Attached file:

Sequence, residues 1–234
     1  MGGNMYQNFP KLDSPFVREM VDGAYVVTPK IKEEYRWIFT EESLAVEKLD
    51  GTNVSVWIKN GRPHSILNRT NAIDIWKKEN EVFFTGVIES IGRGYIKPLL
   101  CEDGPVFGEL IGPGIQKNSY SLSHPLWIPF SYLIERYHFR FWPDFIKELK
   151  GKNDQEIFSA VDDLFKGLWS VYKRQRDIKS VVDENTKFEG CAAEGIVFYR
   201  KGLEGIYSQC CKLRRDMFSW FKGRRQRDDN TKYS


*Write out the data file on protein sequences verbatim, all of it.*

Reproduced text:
Sequence, residues 1–234
     1  MGGNMYQNFP KLDSPFVREM VDGAYVVTPK IKEEYRWIFT EESLAVEKLD
    51  GTNVSVWIKN GRPHSILNRT NAIDIWKKEN EVFFTGVIES IGRGYIKPLL
   101  CEDGPVFGEL IGPGIQKNSY SLSHPLWIPF SYLIERYHFR FWPDFIKELK
   151  GKNDQEIFSA VDDLFKGLWS VYKRQRDIKS VVDENTKFEG CAAEGIVFYR
   201  KGLEGIYSQC CKLRRDMFSW FKGRRQRDDN TKYS